You likely know turmeric best in its dried, ground form; the orange-hued spice, which can stain fingers, is often included in curry blends. But more supermarkets are now carrying turmeric in its fresh form; it looks like fresh ginger, but smaller and darker. Fresh turmeric adds deep color to dishes as well as a lively flavor that’s peppery and earthy, with a hint of mustard.
An ancient ingredient
Turmeric (Curcuma longa) is a member of the ginger family. Like ginger, it’s a rhizome, meaning it’s a plant stem that grows underground. Found in tropical and subtropical climates all over the world and available year-round, turmeric has been cultivated for about 4,000 years in India, where it’s incorporated into Ayurvedic medicine for its purported antiseptic and wound-healing properties, among other things. It’s also become part of various Indian and Southeast Asian religious ceremonies as a dye and food ingredient. Ground turmeric has been popular in the West since British colonists brought it back from India.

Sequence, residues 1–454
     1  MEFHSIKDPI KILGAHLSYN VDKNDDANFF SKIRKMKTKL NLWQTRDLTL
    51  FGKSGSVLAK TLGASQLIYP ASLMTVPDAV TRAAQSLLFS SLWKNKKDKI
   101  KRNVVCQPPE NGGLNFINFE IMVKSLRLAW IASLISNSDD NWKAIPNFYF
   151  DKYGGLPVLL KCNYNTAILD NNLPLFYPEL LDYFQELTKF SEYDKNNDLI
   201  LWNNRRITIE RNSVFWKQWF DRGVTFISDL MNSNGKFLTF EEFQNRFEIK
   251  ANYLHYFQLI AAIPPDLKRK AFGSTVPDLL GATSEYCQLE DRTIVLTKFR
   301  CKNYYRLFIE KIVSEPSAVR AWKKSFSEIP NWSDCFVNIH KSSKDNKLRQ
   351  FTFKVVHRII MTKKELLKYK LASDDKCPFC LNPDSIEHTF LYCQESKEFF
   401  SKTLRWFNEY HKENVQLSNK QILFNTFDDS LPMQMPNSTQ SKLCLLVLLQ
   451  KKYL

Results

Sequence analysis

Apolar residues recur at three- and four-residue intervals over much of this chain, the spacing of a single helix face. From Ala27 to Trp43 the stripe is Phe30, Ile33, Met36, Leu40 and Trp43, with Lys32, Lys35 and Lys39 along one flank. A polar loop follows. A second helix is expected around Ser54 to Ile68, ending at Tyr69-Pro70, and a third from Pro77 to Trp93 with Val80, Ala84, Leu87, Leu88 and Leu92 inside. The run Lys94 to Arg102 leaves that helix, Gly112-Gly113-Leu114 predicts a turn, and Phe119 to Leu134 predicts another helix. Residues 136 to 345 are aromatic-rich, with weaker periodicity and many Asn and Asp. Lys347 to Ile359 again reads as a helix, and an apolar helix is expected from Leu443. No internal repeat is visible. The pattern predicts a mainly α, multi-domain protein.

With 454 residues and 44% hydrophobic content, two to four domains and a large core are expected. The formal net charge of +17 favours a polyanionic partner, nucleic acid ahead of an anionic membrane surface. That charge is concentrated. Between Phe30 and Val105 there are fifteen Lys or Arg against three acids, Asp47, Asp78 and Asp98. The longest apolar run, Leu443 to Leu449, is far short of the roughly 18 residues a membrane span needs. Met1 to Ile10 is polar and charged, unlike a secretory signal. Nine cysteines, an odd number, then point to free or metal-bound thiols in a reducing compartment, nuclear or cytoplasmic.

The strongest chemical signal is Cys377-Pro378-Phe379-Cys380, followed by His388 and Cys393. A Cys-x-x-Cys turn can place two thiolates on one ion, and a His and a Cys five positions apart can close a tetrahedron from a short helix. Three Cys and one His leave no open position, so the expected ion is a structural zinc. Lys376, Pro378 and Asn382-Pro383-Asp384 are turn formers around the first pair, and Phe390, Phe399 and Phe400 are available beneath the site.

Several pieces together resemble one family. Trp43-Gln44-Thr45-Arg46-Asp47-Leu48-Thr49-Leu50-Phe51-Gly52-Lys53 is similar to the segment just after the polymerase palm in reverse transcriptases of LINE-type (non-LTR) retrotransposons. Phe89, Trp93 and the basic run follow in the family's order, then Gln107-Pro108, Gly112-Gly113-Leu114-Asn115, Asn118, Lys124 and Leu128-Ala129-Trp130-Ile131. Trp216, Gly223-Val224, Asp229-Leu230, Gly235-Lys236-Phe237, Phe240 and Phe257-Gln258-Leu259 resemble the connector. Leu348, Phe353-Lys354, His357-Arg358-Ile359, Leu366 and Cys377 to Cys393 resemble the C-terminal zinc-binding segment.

A versatile spice
Fresh turmeric’s subtle bite is good in everything from juices and teas to pickles and marinades. Grate some with a rasp-style grater into scrambled eggs, vegetable soups, or rice, or slice it thinly to toss in salads and slaws. Its peppery bite makes it a good match for slightly sweet flavors, like carrots, raisins, coconut, and honey, and it can jazz up milder ingredients, such as tofu, beans, and grains.